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If you’ve read our blog or listened to our podcast before, you’ve heard Jen and I talk about metabolic syndrome as a significant contributor to disease and an antagonist to longevity.

This topic is so significant for health that we’ll dedicate this entire post to it, answering questions like:

  • What is metabolic syndrome?
  • How do you diagnose metabolic syndrome?
  • Can you reverse metabolic syndrome?
  • How do you treat metabolic syndrome?

These are important questions, because metabolic syndrome is all around us. In the United States, at least one in three adults currently meets the criteria for a metabolic syndrome diagnosis, and that number is on the rise.

Let’s start with a quick review of what metabolic syndrome is and why it matters.

What Is Metabolic Syndrome?

In medicine, we love to name to things. And when we can’t come up with a clever name for a cluster of symptoms, we just call it a syndrome. Metabolic syndrome is simply what we call the appearance of several specific conditions at one time.

Together, these conditions raise your risk for coronary heart disease, diabetes, stroke, and other serious health problems. In fact, you can think of metabolic syndrome as the gateway disease to all the health problems you most want to avoid.

Outside of smoking, metabolic syndrome is the single greatest variable you can manage to have the greatest impact on your overall health, vitality, and longevity.

So, what does it look like? If you have at least three of the following five conditions, you qualify for a metabolic syndrome diagnosis:

  • Hypertension — average blood pressure above 130/85 over time
  • Elevated blood sugar — fasting glucose over 100
  • Low HDL — below 50 for women and 40 for men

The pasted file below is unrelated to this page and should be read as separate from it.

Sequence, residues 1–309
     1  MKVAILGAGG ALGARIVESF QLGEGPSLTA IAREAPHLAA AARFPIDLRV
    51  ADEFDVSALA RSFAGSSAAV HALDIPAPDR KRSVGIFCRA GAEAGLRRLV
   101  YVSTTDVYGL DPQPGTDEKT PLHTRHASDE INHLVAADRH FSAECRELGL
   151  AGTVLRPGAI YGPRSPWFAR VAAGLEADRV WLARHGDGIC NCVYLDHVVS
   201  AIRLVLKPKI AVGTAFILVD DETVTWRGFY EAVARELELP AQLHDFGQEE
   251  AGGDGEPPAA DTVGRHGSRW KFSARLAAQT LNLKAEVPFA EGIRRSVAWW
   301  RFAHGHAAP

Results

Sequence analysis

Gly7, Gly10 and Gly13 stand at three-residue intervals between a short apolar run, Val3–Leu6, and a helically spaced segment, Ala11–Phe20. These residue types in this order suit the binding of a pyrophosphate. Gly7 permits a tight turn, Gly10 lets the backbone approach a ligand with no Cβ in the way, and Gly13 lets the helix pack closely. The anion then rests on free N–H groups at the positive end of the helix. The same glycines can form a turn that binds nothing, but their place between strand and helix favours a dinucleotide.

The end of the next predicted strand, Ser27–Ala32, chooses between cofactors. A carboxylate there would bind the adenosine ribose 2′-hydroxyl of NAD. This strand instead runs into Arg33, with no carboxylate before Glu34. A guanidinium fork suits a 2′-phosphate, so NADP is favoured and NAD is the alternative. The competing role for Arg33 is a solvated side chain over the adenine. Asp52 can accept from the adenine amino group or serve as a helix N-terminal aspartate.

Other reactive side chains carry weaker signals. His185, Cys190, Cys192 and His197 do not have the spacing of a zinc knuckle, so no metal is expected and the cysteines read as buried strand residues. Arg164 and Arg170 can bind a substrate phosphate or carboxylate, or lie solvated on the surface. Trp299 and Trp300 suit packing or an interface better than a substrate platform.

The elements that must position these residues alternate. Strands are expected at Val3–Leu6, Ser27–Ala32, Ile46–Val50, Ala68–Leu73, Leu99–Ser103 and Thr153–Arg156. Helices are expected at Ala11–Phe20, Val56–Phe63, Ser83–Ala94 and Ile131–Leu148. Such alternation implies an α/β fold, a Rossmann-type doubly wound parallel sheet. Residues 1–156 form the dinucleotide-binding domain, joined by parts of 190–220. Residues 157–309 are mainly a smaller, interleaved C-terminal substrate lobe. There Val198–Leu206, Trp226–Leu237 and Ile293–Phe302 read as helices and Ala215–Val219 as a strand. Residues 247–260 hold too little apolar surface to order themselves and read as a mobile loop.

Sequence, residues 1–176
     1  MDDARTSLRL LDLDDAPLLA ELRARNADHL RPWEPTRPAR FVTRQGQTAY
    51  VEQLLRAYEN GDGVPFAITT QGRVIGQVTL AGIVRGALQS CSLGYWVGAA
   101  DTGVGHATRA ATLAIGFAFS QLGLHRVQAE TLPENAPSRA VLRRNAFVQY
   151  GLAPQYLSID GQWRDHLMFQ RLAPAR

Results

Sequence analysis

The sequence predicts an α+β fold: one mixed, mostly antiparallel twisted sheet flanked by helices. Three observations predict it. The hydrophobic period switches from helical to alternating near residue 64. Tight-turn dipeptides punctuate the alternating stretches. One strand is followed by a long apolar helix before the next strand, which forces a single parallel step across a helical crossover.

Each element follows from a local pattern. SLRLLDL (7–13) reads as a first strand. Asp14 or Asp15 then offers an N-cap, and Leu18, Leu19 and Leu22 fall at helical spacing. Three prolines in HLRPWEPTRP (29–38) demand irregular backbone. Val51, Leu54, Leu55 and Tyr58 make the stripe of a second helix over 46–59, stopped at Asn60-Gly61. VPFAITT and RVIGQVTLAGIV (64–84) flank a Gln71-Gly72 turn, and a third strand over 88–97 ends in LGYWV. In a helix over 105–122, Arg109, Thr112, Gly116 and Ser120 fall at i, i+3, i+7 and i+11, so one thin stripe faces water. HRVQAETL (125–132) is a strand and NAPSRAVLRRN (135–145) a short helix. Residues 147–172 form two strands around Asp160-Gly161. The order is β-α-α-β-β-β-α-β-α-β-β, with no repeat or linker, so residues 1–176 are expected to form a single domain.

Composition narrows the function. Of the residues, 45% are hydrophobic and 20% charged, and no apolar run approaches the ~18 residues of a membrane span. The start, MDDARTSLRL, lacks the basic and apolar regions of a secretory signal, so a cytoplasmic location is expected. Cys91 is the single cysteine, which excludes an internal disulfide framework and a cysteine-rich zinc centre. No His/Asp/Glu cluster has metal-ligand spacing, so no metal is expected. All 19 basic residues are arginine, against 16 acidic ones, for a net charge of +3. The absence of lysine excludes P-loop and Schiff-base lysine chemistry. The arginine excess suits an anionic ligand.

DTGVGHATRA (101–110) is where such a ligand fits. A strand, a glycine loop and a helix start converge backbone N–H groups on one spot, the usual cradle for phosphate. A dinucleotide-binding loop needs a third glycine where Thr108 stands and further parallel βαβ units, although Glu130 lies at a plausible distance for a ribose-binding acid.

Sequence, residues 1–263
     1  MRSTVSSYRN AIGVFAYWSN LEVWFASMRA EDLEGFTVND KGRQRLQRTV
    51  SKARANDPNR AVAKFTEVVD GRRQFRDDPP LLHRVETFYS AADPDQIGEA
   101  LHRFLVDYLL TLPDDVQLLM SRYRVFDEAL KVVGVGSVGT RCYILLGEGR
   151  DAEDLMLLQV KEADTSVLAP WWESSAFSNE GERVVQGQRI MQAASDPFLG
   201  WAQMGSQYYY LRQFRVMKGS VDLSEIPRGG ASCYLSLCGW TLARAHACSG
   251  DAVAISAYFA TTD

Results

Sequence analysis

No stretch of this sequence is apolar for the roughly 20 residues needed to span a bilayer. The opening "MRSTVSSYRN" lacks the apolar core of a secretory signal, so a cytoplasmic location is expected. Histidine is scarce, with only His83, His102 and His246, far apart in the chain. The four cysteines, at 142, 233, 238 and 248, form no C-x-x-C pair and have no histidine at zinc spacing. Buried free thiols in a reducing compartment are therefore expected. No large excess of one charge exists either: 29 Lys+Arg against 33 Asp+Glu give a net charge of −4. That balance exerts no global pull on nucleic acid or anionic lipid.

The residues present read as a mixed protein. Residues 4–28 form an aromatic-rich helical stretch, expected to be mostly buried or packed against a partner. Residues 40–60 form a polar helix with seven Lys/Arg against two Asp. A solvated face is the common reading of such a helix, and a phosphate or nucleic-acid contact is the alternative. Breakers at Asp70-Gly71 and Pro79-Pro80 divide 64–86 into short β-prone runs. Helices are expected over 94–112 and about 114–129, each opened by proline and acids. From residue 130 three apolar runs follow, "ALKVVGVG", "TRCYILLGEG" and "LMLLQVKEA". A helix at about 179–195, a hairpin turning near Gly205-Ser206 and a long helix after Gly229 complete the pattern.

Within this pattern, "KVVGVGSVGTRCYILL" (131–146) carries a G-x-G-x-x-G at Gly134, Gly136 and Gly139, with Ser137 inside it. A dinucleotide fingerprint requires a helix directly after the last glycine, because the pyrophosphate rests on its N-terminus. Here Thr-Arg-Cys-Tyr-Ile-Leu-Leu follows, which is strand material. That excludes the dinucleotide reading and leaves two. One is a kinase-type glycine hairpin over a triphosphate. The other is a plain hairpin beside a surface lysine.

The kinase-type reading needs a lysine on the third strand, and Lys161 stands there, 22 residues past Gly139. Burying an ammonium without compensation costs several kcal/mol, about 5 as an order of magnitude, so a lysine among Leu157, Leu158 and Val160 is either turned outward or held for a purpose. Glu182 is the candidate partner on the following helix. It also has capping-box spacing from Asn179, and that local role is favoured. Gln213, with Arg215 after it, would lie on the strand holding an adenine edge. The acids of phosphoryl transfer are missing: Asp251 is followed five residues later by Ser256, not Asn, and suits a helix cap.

• Elevated triglycerides — levels over 150
  • Truncal obesity — waist circumference (measured at your belly button) over 35 inches in women and 40 inches in men

Think OFFENSE: The Mindset to Avoid Metabolic Syndrome

Our bodies are made up of fine-tuned, carefully balanced systems and processes. While it doesn’t take much for those systems to get out of whack, the changes usually happen slowly. Diabetes doesn’t appear overnight, for example. It’s a slow burn toward disease.

In the past, we’ve talked about having an offensive versus defensive mindset. To avoid metabolic syndrome, an offensive mindset is critical.

Why? Just look around you.

We live in an obesogenic environment. Fast food is everywhere. Delivery drivers meet us at our door with dinner. Our schedules are too full to cook daily meals or exercise regularly and appropriately.

We’re stressed, we’re busy, and we’re nutritionally challenged. But none of it triggers warning bells because the consequences are so gradual. If you’re playing defense, you won’t know to take action until you’re already in trouble.

The default physiology for all developed nations in 2023 and beyond is metabolic syndrome. If you don’t go on the offense, you’ll be swept down the same path as everyone else — toward becoming a metabolic syndrome statistic and dramatically increasing your risk for the chronic diseases that kill humans.

You need a plan, an offensive strategy, to fight against the tide.

Can Metabolic Syndrome Be Reversed?

Okay, maybe you didn’t know about metabolic syndrome before. Or maybe you didn’t know how to take an offensive approach to it, and you find yourself approaching the criteria for a metabolic syndrome diagnosis. Are you just out of luck?

Or is there a way to reverse metabolic syndrome?

That’s an excellent, offense-oriented question. And here’s the good news: Yes, metabolic syndrome can be reversed to some extent.

Just as the finely tuned systems in our bodies can get out of whack, we can strategically hone in on our specific numbers and risk factors and make adjustments to repair them. That said, metabolic syndrome does exist on a spectrum (the “slow burn” mentioned above). Every person can improve their position on that spectrum, but not everyone can get all the way back to the beginning.

Diseases associated with metabolic syndrome, like diabetes, develop in the background for years, sometimes decades. Depending on where you fall on the spectrum, you may be able to reverse those effects and prevent or cure certain conditions. But even if you can’t reach a cure, you can still benefit your health and improve and optimize your metabolic efficiency with a thoughtful, offensive strategy.

The Source of Metabolic Syndrome

At its root, metabolic syndrome starts with insulin resistance.

The holy grail of health is normalized blood sugar levels, which you can only achieve by optimizing your insulin response.

Insulin is a hormone made in our pancreas, and its main job is to help the sugar in our bloodstream enter our cells — our muscle cells, fat cells, and liver cells. This sugar, or glucose, gives our cells energy, and it comes from two main sources.